Atomic clocks rely on microwave radiation to measure a cesium atom’s frequency, or number of cycles per second. As such, they have become increasingly accurate and stable over the years.

In the 1950s, NIST began construction of an atomic clock that would serve as a national standard of frequency. However, it took them nearly three decades to complete this endeavor.

Today, NIST utilizes atomic clocks to maintain U.S. time and contribute to Universal Coordinated Time (UTC), the world’s official clock.

NIST uses “primary standards” to measure the second, such as F1 and F2. Both atomic fountain clocks were created in 2014 using a cloud of cesium atoms trapped inside a cylinder that are elevated using lasers.

Over the years, both F1 and F2 clocks have been refined, making them more reliable and precise. In 2014, NIST-F2 launched a version that is approximately three times as accurate as its predecessor; it will not gain or lose a second in 300 million years or 1/300,000,000th of a second per year.

NIST atomic clocks are not used to accurately tell time in the real world, but rather they serve to calibrate other commercially available clocks. NIST also offers a range of time and synchronization measurement services for various customers. These include remote measurements made at their site using GPS-enabled equipment instead of one-time calibrations.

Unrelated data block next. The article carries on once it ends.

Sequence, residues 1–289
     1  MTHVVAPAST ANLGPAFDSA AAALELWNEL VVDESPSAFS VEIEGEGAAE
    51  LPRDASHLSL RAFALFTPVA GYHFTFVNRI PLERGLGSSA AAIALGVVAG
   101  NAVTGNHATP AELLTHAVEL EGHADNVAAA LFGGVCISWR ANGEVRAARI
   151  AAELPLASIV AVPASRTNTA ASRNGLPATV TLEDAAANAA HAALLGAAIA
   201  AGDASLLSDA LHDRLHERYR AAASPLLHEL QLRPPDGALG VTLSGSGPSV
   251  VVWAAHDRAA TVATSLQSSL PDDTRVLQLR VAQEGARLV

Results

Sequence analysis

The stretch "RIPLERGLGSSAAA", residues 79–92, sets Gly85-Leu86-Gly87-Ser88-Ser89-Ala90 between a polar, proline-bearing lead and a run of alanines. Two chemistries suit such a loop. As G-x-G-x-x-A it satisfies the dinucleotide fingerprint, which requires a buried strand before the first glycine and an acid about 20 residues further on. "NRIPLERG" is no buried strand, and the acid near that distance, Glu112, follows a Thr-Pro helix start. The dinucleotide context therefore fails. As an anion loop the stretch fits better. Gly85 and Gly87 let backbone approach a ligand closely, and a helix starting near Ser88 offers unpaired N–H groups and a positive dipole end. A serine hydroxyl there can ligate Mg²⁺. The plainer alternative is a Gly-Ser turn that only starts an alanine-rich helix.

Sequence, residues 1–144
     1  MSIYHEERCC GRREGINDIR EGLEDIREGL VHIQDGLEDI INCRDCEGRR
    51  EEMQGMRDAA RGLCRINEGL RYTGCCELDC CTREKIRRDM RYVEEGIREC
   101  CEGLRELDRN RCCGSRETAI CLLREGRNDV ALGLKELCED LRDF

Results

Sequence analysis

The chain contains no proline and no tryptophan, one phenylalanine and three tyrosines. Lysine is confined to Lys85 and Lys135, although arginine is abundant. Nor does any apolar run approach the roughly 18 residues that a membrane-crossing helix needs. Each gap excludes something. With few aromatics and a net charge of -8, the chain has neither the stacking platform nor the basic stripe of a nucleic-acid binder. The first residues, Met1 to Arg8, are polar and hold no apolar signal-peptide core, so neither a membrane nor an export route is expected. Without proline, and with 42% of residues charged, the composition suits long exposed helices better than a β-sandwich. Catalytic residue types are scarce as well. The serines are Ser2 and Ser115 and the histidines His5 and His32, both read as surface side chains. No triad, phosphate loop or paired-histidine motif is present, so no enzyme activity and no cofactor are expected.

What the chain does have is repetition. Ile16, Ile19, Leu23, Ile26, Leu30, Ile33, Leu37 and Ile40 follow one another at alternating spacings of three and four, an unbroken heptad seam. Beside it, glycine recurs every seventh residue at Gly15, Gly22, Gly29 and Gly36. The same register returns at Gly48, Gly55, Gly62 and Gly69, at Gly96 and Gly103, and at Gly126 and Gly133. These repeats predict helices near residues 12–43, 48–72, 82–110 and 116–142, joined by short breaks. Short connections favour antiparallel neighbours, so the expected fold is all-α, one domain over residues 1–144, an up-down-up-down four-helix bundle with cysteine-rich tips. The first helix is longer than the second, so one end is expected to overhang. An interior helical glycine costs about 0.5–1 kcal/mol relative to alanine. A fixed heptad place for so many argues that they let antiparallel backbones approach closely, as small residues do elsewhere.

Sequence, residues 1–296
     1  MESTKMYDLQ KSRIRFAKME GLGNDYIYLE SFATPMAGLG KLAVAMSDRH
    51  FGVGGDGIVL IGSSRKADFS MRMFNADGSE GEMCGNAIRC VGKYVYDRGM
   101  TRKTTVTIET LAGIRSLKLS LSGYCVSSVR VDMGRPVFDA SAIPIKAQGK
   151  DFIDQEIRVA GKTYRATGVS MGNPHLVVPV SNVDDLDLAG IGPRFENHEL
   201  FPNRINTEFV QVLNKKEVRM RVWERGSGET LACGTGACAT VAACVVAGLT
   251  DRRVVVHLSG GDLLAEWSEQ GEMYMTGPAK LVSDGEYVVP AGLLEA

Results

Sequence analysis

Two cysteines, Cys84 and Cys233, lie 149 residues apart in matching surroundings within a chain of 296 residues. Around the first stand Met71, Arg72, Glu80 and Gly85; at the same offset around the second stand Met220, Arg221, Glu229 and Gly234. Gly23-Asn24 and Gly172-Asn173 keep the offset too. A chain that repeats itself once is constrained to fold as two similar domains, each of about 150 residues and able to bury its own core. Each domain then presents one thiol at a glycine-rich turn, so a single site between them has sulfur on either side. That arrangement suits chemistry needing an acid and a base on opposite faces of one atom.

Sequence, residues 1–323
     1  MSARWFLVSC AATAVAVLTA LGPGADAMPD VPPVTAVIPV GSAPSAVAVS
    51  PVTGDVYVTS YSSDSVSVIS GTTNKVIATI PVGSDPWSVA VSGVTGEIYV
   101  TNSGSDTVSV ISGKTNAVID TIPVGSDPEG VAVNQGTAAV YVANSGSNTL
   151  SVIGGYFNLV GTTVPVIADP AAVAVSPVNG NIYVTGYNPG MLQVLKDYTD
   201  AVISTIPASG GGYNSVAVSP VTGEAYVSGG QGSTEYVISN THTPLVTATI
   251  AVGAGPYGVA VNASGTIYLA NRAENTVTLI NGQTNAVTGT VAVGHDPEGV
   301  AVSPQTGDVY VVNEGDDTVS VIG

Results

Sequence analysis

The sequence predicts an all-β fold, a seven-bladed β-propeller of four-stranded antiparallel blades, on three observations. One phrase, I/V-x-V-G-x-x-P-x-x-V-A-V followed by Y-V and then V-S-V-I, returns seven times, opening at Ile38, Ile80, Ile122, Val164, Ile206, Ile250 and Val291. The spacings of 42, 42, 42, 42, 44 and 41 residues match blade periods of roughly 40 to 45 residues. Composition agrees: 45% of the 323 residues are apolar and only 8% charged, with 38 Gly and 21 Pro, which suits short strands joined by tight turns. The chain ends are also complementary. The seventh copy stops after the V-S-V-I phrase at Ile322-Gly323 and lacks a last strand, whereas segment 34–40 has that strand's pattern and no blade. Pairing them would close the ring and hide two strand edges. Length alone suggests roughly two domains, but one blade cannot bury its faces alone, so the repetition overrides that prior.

The International Astronomical Union (IAU)

The International Astronomical Union (IAU) is an organization dedicated to the advancement of astronomy. Established in 1919, its membership includes professionals and amateur astronomers from around the globe.

The International Astronomical Union (IAU) is one of the premier scientific organizations. It coordinates numerous astronomical projects worldwide and acts as the international authority for assigning official names and designations to celestial bodies and their surface features. Furthermore, IAU plays an essential role in creating new global-scale infrastructures by building consensus on their design and construction.

Throughout its first century, the IAU focused on several key initiatives such as science diplomacy and organizing scientific symposia. These events provided scientists from around the globe a forum to present their work and network, often leading to new ideas or collaborations.

Technology advancements enabled many of these meetings to move online. This enabled a much larger number of researchers to participate at low costs, making them accessible even to people living in areas without access to electricity or Internet.

Some astronomers argued the IAU’s new format was unproductive and prone to social problems, while others saw it as an opportunity for open discussions about astronomy. They saw it as a chance to lift people’s spirits during difficult times for everyone in their daily lives.

The IAU is organized into Divisions, Commissions and Working Groups that oversee various areas of astronomy. These include 9 Science Divisions, 38 specialized Commissions and 47 Working Groups that encompass the full scope of astronomy.